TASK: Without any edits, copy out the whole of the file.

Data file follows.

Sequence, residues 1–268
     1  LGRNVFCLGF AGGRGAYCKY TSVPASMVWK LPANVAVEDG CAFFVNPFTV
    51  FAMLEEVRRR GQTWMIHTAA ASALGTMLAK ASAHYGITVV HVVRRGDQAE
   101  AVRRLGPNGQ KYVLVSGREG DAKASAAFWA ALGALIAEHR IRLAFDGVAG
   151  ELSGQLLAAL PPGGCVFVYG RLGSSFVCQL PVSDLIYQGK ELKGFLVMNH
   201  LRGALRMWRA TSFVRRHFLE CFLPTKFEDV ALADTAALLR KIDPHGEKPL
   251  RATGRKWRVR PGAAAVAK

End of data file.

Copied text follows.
Sequence, residues 1–268
     1  LGRNVFCLGF AGGRGAYCKY TSVPASMVWK LPANVAVEDG CAFFVNPFTV
    51  FAMLEEVRRR GQTWMIHTAA ASALGTMLAK ASAHYGITVV HVVRRGDQAE
   101  AVRRLGPNGQ KYVLVSGREG DAKASAAFWA ALGALIAEHR IRLAFDGVAG
   151  ELSGQLLAAL PPGGCVFVYG RLGSSFVCQL PVSDLIYQGK ELKGFLVMNH
   201  LRGALRMWRA TSFVRRHFLE CFLPTKFEDV ALADTAALLR KIDPHGEKPL
   251  RATGRKWRVR PGAAAVAK